Geiger Müller tubes on flights

Discussions about radiation-related science
Lewis
Posts: 7
Joined: 10 Oct 2019, 03:08
Contact:

Geiger Müller tubes on flights

Post by Lewis » 10 Oct 2019, 03:16

Hey.

I was wondering if taking a pancake detector style GM tube with a thin MICA window onto an airplane as hand baggage would distroy it due to the changing air preasure.

Iv heard that the cabin preasure can deivate upto 8000 feet AGL which is the maximum rated altitude for most GM tubes.

Iv certainly seen smaller geiger counters survive just fine on airplanes(example: gamma scout), but i dont wanna pay 150$ for a replacement probe if its any different for larger GM tubes.

Thanks.
Lewis. Sweden, gothenburg.

User avatar
Geoff
Posts: 114
Joined: 01 May 2015, 12:21
Location: Marathon County, Wisconsin
Contact:

Re: Geiger Müller tubes on flights

Post by Geoff » 14 Oct 2019, 08:41

I'm not sure if it would be safe as I've never done it. I've only taken scintillation detectors when travelling. However, living in Alaska required the majority of my mail to come by air and I've had three different thin window GM tubes sent to me without issue. None of them were in pressurized packaging.
Geoff Van Horn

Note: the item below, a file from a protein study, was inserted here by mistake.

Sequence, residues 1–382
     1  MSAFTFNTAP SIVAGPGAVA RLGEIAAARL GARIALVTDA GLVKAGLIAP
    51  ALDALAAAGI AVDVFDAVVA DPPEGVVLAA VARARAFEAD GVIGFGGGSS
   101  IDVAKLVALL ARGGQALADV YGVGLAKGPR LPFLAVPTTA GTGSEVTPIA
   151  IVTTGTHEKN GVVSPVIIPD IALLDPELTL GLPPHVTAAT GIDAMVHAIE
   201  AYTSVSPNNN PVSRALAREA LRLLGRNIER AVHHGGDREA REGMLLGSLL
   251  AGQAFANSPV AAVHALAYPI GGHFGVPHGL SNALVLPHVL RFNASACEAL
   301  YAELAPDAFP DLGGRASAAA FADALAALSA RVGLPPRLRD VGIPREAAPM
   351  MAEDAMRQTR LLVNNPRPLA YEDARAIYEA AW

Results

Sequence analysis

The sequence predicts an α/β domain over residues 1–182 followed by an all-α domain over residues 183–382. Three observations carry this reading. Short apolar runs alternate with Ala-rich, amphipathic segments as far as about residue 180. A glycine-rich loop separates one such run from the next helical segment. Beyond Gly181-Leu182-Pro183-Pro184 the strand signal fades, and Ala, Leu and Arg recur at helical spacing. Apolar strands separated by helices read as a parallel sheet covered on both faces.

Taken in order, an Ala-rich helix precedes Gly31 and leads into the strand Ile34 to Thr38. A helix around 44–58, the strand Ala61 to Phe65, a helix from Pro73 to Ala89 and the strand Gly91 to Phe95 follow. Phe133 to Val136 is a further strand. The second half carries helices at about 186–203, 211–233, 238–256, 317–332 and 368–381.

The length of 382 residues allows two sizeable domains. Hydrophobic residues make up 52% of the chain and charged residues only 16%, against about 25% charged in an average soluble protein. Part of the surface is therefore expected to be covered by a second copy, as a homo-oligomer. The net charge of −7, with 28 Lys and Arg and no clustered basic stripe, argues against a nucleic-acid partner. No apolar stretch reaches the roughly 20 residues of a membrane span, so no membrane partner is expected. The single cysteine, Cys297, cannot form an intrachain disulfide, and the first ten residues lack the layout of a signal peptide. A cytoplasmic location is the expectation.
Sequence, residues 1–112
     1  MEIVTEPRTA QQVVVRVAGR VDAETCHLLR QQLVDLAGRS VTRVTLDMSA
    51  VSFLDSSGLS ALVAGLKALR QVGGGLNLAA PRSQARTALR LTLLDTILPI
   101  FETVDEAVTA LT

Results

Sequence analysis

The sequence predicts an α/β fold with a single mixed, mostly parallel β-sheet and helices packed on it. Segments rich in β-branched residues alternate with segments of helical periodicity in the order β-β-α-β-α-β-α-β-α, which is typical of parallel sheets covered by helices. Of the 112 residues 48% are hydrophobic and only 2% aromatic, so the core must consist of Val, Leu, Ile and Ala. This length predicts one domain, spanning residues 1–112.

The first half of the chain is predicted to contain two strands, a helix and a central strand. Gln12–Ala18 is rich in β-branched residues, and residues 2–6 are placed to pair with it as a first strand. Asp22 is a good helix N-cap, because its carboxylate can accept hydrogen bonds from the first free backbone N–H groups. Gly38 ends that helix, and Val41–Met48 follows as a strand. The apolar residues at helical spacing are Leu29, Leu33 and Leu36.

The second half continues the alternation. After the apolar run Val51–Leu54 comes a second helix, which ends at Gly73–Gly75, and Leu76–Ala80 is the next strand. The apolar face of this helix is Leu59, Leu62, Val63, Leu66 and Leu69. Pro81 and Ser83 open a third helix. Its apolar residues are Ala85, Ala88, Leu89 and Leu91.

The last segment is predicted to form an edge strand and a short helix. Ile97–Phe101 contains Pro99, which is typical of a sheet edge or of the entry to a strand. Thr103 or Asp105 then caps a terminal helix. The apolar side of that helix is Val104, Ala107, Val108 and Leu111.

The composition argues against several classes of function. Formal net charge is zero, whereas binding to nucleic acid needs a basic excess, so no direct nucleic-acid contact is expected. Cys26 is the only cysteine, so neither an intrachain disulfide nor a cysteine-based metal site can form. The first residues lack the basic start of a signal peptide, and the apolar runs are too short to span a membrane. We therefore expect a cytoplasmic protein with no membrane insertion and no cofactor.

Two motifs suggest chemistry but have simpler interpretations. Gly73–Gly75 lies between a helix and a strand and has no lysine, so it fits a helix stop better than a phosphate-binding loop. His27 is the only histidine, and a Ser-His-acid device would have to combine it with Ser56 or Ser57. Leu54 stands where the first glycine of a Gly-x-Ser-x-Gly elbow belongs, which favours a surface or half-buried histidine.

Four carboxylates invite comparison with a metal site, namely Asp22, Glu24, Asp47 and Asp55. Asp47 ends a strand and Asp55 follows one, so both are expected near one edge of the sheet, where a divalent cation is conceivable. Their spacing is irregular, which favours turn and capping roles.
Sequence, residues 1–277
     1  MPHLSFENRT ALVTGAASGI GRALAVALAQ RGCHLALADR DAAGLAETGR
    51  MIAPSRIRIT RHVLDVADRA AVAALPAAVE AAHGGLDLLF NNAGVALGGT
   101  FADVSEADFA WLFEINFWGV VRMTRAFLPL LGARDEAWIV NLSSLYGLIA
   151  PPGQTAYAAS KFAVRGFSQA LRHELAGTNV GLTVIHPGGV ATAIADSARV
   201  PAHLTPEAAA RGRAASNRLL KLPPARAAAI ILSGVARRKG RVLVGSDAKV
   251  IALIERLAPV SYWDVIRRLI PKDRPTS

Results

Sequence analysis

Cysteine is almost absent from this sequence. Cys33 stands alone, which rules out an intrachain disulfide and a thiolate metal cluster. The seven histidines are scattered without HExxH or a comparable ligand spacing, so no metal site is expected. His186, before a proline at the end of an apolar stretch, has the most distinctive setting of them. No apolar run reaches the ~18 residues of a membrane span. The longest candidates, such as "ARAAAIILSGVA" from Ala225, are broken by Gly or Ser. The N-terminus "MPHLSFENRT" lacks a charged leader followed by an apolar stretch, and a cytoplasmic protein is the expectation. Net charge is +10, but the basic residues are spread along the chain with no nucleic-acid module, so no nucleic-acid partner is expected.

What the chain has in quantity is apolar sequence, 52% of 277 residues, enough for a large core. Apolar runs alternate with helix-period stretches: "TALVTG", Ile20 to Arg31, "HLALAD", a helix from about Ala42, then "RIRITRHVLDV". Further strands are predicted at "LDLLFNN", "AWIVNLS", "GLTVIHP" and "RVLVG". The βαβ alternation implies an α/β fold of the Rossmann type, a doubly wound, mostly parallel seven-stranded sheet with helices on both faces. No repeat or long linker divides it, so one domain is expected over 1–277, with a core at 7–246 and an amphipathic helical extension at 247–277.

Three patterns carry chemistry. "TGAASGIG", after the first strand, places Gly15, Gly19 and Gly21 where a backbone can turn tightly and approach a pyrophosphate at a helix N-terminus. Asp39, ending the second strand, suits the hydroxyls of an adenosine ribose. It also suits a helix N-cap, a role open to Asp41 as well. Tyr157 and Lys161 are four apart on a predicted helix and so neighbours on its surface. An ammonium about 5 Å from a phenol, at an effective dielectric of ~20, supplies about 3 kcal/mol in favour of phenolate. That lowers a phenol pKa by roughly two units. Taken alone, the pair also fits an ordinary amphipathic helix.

Former Alaskan living in rural Wisconsin

User avatar
Svilen
Posts: 107
Joined: 23 Sep 2016, 04:25
Location: Germany
Contact:

Re: Geiger Müller tubes on flights

Post by Svilen » 14 Oct 2019, 19:21

I guess nobody can guarantee it, but you may have good chances not to loose the tube.
I got one Ludlum model 44-9 probe with a LND7311 GMT shiped all the way from USA to Europe in a non airtight container and it survived. But the producer warns in the manual that "The GM tube face can rupture above 8000 feet in altitude", so cases like this should also exist.
I also have one Philips ZP1431 with d~30mm mica window, which flew between eastern and western Europe and also survived, but of course we have to ship at least 10, to different locations and then make a conclusion.

I don't know which detector do you use, but if it is with an external probe, maybe you can get one russian SI-8B tube, which are shown from different users to survive at high altitude and even if not, you loose half the amount of money you mentioned :)
Svilen

Lewis
Posts: 7
Joined: 10 Oct 2019, 03:08
Contact:

Re: Geiger Müller tubes on flights

Post by Lewis » 15 Oct 2019, 00:22

Svilen wrote:
14 Oct 2019, 19:21
I guess nobody can guarantee it, but you may have good chances not to loose the tube.
I got one Ludlum model 44-9 probe with a LND7311 GMT shiped all the way from USA to Europe in a non airtight container and it survived. But the producer warns in the manual that "The GM tube face can rupture above 8000 feet in altitude", so cases like this should also exist.
I also have one Philips ZP1431 with d~30mm mica window, which flew between eastern and western Europe and also survived, but of course we have to ship at least 10, to different locations and then make a conclusion.

I don't know which detector do you use, but if it is with an external probe, maybe you can get one russian SI-8B tube, which are shown from different users to survive at high altitude and even if not, you loose half the amount of money you mentioned :)